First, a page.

The Iranian province of Sistan and Baluchestan - once known as 'Iran’s granary', and home to the Hamoun Wetlands - is now a dustbowl. In the place of what was once a thriving oasis, powerful sandstorms have buried villages and ruined livelihoods.

More than 60% of the population relied on the wetlands for their everyday needs. But as the wetland’s principal source of water [the Helmand River, also known as the Hirmand River] was reduced to little more than a trickle, water levels started to drop. 15 years ago, it dried up completely.

The main culprit lies further upstream, across the Iranian border in Afghanistan. Here, the construction of the Kamal Khan Dam has completely blocked the river. With no source of water, the wetlands that once straddled both sides of the border and stretched well into Iran have disappeared.

If the lack of water is one problem, the massive amount of sand residue left on the pond has left a further unforeseen consequence. In Sistan and Baluchestan, powerful winds that blow from May to September - the ‘Wind of 120 Days’ –– whip up the sand and create powerful sandstorms.

According to our Observer in the region, the winds pick up so much sand from the surface of the dried-up Hamoun Wetlands that many villages have been completely buried.

"These storms are so big they block roads, trap people in their homes and swallow up entire villages"

Mohamad lives in the town of Zahedan.

Sandstorms are a new phenomenon in our province. We always had lots of wind, but after the pond dried up 15 years ago we’ve now got sand and dust storms for 200 days of the year.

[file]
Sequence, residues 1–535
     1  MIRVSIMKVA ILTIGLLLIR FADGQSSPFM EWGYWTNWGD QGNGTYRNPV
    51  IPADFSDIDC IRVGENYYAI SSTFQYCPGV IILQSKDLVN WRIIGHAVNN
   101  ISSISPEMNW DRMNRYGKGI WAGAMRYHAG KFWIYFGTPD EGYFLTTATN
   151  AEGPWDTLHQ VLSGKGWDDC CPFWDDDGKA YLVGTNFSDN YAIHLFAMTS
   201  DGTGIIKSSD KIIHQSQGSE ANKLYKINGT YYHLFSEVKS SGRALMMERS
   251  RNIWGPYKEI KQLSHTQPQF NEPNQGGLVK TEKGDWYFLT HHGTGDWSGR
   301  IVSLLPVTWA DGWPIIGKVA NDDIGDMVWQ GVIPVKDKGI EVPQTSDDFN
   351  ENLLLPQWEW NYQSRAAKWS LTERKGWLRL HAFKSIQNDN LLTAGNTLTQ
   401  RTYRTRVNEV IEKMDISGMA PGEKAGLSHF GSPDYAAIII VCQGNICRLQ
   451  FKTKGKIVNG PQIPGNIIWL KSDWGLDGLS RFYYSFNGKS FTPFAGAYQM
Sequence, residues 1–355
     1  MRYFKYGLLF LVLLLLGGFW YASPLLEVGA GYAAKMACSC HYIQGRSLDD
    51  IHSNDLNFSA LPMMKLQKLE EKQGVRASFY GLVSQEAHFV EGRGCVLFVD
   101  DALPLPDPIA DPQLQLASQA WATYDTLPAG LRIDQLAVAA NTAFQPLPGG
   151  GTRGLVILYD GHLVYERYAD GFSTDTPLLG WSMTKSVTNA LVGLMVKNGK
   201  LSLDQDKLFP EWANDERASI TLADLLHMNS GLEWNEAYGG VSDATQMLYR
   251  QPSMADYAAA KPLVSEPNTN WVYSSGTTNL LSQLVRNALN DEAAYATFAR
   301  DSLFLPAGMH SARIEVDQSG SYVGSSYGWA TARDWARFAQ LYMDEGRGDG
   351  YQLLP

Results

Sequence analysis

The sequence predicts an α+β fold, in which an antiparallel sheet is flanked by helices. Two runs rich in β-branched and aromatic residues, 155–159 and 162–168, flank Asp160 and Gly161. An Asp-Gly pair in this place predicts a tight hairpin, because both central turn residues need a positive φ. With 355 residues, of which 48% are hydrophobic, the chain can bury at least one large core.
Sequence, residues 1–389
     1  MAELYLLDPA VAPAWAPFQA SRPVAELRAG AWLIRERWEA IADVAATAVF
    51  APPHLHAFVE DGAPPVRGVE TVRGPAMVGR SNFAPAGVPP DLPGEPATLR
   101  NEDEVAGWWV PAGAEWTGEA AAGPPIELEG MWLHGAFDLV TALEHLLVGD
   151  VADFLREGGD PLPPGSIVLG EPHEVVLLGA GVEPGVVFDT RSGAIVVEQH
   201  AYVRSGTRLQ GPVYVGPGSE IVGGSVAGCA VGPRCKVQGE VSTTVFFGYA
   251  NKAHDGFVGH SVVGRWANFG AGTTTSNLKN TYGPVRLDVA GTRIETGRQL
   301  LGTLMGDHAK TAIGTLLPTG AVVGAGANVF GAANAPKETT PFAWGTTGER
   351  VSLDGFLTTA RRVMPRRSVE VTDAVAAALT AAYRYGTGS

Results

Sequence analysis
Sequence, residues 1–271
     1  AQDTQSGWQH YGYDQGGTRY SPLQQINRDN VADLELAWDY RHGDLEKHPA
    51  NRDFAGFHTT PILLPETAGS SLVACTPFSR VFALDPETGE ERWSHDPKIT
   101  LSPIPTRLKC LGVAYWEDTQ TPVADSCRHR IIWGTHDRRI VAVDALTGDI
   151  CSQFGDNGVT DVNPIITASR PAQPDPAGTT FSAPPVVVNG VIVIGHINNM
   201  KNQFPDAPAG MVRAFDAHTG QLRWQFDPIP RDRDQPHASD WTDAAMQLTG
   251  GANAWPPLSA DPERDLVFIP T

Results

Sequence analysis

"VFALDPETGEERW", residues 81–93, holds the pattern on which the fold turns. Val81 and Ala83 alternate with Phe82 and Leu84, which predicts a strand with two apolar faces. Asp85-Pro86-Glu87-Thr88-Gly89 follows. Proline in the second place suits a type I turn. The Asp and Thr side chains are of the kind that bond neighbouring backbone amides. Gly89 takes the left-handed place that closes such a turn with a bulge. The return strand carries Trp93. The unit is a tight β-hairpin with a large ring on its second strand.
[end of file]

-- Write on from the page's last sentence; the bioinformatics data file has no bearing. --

It’s worth mentioning the trafficking of fuel between Iran and Afghanistan. That could also have played a role in the drying up of the wetlands. They drive across the wetlands because it’s a shortcut, and that speeds up the process of soil erosion. But we shouldn’t forget that the growth of this illegal traffic is a direct consequence of the drying up of the wetlands in the first place, which left many people here without jobs.
A village buried in sand in Sistan and Baluchestan.
These sand and dust storms reach everywhere imaginable. The level of air pollution here is several times higher than normal. Our province has become the center of tuberculosis in Iran.

Sometimes these storms are so big they block roads, trap people in their homes and swallow up entire villages, forcing people to leave. Last year in just a few days, 100 villages were buried in sand. Many are now ghost villages.
The interior of a building lies covered in sand in a village in Sistan and Baluchestan
The problem is that Afghanistan doesn’t give Iran its share of water from the Helmand River. The river is the most important source of water for the Hamoun Wetlands. They built a dam across the Helmand in their territory and we don’t get our share of the water. They only open the gates of the dam when it’s too full and there’s a risk of a breach. That’s another problem: it leads to flooding in areas downstream which destroys homes and roads.

Our government says they are negotiating with the Afghan authorities, but they just talk. They do nothing, and nothing has changed. People say here that the United States decides what happens in Afghanistan. They don’t care about us here in Iran. On the other hand, the government of Iran has done nothing to try to stabilize the sands by using mulch or other methods.

Air pollution in the town of Zahedan, the capital of Sistan and Baluchestan

The particulates - a type of air pollution - are so small they can be found almost everywhere

A factory left ruined by a sandstorm in Sistan and Baluchestan